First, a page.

By Nat Hentoff
Nat Hentoff, well known jazz critic, civil liberties activist, and fearless contrarian--"I'm a Jewish atheist civil-libertarian pro-lifer"--has lived via a lot of jazz's heritage and has recognized lots of jazz's most vital figures, usually as good friend and confidant. Hentoff has been a tireless recommend for the ignored components of jazz heritage, together with forgotten sidemen and -women. This quantity contains his most sensible contemporary work--short essays, lengthy interviews, and private memories. From Duke Ellington and Louis Armstrong to Ornette Coleman and Quincy Jones, Hentoff brings the jazz greats to existence and lines their paintings to gospel, blues, and plenty of other kinds of yank song. on the Jazz Band Ball additionally comprises Hentoff's willing, cosmopolitan observations on quite a lot of concerns. The publication exhibits how jazz and schooling are an essential partnership, how unfastened expression is the essence of liberty, and the way social justice matters like wellbeing and fitness care and powerful civil rights and liberties continue all of the arts--and all contributors of society--strong.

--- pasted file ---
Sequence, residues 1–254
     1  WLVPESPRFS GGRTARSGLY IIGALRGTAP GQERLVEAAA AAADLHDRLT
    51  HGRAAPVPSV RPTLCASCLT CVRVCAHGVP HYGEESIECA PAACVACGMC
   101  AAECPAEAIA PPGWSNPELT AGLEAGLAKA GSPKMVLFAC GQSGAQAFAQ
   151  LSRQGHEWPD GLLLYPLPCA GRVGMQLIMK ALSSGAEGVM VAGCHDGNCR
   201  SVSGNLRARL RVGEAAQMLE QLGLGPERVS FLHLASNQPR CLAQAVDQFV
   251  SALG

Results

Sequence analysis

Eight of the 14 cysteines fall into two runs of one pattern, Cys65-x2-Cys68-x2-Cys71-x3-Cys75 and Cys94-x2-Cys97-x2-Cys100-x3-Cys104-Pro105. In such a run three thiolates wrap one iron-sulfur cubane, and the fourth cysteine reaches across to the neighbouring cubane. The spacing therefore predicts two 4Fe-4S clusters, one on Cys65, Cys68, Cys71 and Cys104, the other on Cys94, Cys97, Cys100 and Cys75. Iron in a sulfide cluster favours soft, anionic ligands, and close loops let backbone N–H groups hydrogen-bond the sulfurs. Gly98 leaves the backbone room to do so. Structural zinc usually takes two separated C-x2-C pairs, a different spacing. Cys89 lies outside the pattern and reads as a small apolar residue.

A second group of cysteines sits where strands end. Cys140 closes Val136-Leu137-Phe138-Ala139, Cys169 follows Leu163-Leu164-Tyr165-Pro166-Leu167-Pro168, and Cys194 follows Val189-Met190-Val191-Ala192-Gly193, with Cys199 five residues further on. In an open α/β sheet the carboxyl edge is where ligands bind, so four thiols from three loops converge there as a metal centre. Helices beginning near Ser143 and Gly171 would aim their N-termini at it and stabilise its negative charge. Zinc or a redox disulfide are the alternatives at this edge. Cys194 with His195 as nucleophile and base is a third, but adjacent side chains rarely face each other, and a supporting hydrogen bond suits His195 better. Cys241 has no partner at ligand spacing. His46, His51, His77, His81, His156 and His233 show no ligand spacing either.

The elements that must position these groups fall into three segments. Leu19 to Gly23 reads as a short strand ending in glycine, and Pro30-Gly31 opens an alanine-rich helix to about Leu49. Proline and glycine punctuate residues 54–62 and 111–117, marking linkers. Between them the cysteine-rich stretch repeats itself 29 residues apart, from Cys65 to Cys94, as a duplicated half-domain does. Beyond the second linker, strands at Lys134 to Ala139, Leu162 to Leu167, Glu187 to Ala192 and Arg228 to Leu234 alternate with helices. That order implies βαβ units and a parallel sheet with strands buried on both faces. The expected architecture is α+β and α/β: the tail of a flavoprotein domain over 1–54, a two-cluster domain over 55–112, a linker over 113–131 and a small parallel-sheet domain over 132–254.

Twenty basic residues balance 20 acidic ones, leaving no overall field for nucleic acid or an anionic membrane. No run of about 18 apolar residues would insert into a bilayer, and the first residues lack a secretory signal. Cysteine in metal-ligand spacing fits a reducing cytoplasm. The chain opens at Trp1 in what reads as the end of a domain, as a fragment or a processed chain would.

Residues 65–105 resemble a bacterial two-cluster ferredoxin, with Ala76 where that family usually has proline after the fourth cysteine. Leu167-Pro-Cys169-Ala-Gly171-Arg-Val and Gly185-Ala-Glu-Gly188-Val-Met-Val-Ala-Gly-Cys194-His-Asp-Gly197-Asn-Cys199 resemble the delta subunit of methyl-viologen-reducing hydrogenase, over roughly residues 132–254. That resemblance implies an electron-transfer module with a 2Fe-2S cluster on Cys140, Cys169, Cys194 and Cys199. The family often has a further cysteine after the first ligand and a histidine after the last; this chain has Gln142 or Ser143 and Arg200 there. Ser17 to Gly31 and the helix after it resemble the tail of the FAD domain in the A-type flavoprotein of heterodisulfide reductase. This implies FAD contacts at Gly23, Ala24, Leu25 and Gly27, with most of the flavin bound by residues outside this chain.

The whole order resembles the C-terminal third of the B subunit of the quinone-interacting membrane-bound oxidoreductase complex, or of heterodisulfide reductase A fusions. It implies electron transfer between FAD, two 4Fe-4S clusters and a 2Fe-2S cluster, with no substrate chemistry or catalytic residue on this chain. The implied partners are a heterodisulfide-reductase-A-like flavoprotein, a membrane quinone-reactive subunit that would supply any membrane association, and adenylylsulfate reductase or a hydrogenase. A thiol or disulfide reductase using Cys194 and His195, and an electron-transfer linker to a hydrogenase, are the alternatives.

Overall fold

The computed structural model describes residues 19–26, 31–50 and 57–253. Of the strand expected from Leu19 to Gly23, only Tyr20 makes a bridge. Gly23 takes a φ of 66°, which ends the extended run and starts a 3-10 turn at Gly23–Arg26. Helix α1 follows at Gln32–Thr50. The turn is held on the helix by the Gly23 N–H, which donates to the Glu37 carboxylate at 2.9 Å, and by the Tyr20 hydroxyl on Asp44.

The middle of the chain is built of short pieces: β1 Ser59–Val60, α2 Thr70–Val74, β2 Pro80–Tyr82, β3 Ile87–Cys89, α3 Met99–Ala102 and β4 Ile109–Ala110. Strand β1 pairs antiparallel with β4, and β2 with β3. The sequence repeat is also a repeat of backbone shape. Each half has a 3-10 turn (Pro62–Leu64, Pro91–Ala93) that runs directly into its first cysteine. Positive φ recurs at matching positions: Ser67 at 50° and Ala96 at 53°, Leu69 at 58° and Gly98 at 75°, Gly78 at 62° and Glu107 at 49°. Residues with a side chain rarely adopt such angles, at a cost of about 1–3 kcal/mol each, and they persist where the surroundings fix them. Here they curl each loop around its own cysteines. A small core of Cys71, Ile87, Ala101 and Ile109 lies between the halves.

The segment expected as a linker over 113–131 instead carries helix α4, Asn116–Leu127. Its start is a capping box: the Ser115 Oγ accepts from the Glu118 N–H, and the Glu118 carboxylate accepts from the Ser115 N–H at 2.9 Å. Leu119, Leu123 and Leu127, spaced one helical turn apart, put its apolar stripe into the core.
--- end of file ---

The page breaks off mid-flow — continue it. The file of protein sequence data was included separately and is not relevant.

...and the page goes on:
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Extra resources for At the Jazz Band Ball: Sixty Years on the Jazz Scene
And the next unexpected originator, like Ornette Coleman, swooping into New York, could come from any place in the world. Between sets one night, John Lewis and I were talking about who might become the new compelling shepherd—the individual others would follow, in Duke Ellington’s phrase. ” He or she hasn’t broken through the jazz firmament yet. And it certainly could be a she. As of now, that female person isn’t in the Jazz at Lincoln Center Orchestra because Wynton Marsalis hasn’t yet found a woman musician, of whatever nationality, color or age, who meets his standards for being a regular member.
11 No One Else Sounded Like “Pee Wee” Russell When I was a teenage fledgling clarinetist studying with an alumnus of the Boston Symphony Orchestra, I was startled to hear on a 1929 jazz recording by the Mound City Blue Blowers sounds I had never imagined coming from a clarinet: vocal-like cries and intimate whispers, breaking into triumphant, glowing lyricism in solos building to the edge of a cliff. It was Charles Ellsworth “Pee Wee” Russell. Also on that 1929 session was Coleman Hawkins, who invented the jazz tenor saxophone.
He was sixty-six years old. I spoke with Duke the next night, and he was furious. “I’m hardly surprised,” he said, “that my music is still without official honor at home. Most Americans still take it for granted that European-based—classical music, if you will—is the only really respectable kind. ” It wasn’t until 1997 that a jazz composition achieved “respectability” and the Pulitzer board anointed Wynton Marsalis’s “Blood on the Fields,” a three-hour oratorio with a cast of fourteen musicians and three singers.
At the Jazz Band Ball: Sixty Years on the Jazz Scene by Nat Hentoff